Insulation installation. Are staples really necessary?

Discussion in 'Coop & Run - Design, Construction, & Maintenance' started by Moxiechick, Oct 13, 2010.

  1. Moxiechick

    Moxiechick Chillin' With My Peeps

    Jan 15, 2010
    I just finished putting the insulation in our coop. Everything fits in snugly, but in the online video that I watched before tackling the project, the person stapled the paper flaps to the 2x4s. Is it really necessary to do this? I got this insulation from the Habitat For Humanity Restore, and had to cut ALL of it to fit. It was 23" wide and all of our gaps were narrower than that, so most pieces only have the flap on one side. I will be putting up some plywood and/or masonite to completely cover the insulation, so the girls won't be able to peck the insulation.
    All the pieces seem to fit nicely. Do I really need to staple all the fiberglass battings to the studs? Will the insulation eventually shift over the years if I don't? I would love to hear from anyone experienced in this.
    Thanks! [​IMG]
  2. The Sheriff

    The Sheriff Overrun With Chickens

    Jun 17, 2009
    Northern CA
    I only stapled in spots where the pieces didn't fit tight enough to stay in place until the sheeting went up. My girls haven't complained yet! Good luck with your project.
  3. elmo

    elmo Chillin' With My Peeps

    May 23, 2009
    Hmm, I remember reading about this when I was insulating my coop a few weeks ago. I seem to remember reading that the stapling part is optional, that you can just stuff the insulation in between the studs. I read this after I had stapled the dickens out of the insulation and my hand was so sore I could hardly make a fist with it. Drat.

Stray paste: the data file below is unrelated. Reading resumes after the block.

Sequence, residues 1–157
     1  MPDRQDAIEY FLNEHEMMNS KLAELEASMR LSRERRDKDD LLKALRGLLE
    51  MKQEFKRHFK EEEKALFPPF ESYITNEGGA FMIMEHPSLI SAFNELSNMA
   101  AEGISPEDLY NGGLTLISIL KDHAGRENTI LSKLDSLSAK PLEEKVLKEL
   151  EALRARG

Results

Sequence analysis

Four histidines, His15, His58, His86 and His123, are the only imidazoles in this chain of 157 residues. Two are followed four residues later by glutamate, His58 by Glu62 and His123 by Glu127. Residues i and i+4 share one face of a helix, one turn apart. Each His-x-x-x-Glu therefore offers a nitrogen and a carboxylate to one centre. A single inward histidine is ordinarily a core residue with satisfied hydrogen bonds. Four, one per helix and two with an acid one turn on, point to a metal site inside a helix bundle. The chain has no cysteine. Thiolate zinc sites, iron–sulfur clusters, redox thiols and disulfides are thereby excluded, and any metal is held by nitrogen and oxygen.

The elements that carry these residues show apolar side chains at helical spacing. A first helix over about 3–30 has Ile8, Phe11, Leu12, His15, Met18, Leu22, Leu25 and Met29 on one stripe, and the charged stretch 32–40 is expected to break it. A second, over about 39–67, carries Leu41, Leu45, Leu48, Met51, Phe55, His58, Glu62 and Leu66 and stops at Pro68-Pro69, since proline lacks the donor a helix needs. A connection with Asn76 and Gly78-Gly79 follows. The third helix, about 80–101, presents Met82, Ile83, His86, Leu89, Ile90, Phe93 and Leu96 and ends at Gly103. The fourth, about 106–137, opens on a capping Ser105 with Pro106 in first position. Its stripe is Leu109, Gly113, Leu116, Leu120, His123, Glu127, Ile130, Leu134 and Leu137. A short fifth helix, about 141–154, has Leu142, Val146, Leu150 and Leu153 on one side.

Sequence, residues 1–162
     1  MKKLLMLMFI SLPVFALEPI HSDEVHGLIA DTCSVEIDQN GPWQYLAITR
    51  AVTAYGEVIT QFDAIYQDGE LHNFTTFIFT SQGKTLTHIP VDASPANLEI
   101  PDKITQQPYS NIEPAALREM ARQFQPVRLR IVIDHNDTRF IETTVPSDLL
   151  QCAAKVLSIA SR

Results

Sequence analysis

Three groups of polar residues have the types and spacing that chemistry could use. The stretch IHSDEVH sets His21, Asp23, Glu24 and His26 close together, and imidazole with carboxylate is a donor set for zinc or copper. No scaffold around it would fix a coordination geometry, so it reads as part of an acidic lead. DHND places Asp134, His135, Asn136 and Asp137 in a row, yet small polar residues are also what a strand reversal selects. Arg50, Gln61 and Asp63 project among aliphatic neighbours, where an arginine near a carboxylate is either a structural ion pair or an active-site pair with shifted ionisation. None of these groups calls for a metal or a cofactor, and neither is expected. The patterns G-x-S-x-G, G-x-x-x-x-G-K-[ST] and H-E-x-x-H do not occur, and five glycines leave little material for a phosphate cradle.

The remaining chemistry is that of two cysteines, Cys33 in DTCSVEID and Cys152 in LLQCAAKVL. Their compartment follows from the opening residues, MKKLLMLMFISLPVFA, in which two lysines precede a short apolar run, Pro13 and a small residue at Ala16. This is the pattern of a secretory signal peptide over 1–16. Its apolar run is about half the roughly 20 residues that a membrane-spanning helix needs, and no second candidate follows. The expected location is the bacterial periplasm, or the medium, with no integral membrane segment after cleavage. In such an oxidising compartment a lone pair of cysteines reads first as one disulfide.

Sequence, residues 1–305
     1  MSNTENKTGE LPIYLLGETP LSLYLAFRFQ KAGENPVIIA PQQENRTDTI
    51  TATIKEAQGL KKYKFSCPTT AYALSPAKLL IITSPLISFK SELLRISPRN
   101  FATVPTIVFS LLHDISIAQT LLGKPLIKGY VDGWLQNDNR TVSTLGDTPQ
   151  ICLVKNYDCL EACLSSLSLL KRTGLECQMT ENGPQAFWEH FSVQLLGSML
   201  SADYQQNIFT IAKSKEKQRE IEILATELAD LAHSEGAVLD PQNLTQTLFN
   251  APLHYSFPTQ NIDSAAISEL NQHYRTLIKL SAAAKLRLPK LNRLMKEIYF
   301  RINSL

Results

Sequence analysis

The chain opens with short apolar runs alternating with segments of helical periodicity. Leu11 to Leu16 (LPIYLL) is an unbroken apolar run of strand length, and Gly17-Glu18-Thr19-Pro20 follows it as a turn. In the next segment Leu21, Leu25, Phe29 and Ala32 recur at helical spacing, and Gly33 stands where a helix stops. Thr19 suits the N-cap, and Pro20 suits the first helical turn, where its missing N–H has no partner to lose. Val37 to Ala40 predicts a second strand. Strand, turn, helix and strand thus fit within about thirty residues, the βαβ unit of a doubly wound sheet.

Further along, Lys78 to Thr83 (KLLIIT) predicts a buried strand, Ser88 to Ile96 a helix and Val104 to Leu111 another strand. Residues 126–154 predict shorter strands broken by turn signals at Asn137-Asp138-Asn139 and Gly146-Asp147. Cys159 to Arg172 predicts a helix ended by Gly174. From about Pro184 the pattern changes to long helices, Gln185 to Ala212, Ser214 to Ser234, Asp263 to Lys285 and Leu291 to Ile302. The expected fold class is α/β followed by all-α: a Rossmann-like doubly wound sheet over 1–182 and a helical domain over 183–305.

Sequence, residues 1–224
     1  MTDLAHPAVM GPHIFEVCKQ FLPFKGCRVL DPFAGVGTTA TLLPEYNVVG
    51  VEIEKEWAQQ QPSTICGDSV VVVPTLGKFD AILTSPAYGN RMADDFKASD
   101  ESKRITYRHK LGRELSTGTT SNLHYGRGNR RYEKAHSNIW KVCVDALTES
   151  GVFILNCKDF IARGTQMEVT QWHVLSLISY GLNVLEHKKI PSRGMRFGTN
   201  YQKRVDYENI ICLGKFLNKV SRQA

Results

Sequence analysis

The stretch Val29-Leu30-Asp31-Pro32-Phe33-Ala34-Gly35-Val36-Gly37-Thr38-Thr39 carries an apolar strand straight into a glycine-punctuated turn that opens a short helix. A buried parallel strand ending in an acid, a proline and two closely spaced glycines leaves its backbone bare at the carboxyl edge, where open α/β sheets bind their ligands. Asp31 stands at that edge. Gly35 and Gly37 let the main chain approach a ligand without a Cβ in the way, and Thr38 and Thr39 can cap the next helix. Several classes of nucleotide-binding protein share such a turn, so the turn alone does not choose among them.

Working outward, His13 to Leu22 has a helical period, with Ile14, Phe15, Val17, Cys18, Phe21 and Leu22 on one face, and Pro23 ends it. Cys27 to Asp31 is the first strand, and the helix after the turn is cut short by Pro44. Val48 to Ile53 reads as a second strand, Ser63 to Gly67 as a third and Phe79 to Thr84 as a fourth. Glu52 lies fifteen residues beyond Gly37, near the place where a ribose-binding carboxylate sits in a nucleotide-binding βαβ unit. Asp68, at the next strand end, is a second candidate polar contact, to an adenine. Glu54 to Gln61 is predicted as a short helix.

Why not staple each piece in one or two places as a kind of "belt and suspenders" approach?
  4. AndreaS

    AndreaS Chillin' With My Peeps

    Mar 5, 2010
    Hurdle Mills, NC
    I don't think its necessary. If you had to cut each piece anyway it should be quite snug. If you have a staple gun you might just want to consider stapling the tops to prevent sagging over time.

  5. patandchickens

    patandchickens Flock Mistress

    Apr 20, 2007
    Ontario, Canada
    Repeat after me: It's a chicken coop.


    Seriously, unless you are planning to invite Mike Holmes over for a critique or something, it matters a whole lot less what you do for a coop than for a house. This would be a good example of that [​IMG]

    The main thing to concentrate on is getting the carpentry TIGHT and ACCURATE when you are sheathing the insulation with your plywood or whatever (I would not recommend masonite in a coop, although if primed and painted and you're in a dry climate you might get away with it for a good long while). It's important not to have any gaps, even 1/4", that encourage mice to squeeze through (or enlarge with their teeth til they *can* squeeze through). Believe me, mice living in coop walls is a *worse* thing than mice living in house walls!

    Good luck, have fun,

  6. 33yardbirds

    33yardbirds Chillin' With My Peeps

    Jun 15, 2010
    Southern New Jersey
    Some people staple the flaps inside the stud bays and some to the edge "1 1/2". Unlike the old rock wool, bat insulation won't gravitate to the bottom part of the stud bay. My self I would staple. It has a habit of plumping up then getting pinched between the sheathing and stud edges.
  7. MaureenL128

    MaureenL128 Chillin' With My Peeps

    May 24, 2010
    Long Island, NY
    The good thing about stapling it to the 2 x 4's is so it doesn't slide down inside the wall. It could do this over time and bunch up at the bottm, thus not insulating the right way.
  8. Moxiechick

    Moxiechick Chillin' With My Peeps

    Jan 15, 2010
    Lol! "Repeat after me: It's a chicken coop", has become our catch phrase while building this thing!

    We decided to put in a few staples near the top of each batting, to hold it in place. While it looked pretty snug and secure, it is definitely not a job I want to have to "redo". We had a 4x8 sheet of masonite that we were going to use for one of the walls, but we were wondering if it would give us issues down the line. Decided that the less potential issues down the line the better! So today we went out and got some "undersheathing" plywood to use for the rest of the walls.
    We've been figuring out this project as we've been going along. It has taken a lot longer than I thought it would, but I can feel that we are closing in! [​IMG]

    Thanks everyone for your replies! [​IMG]

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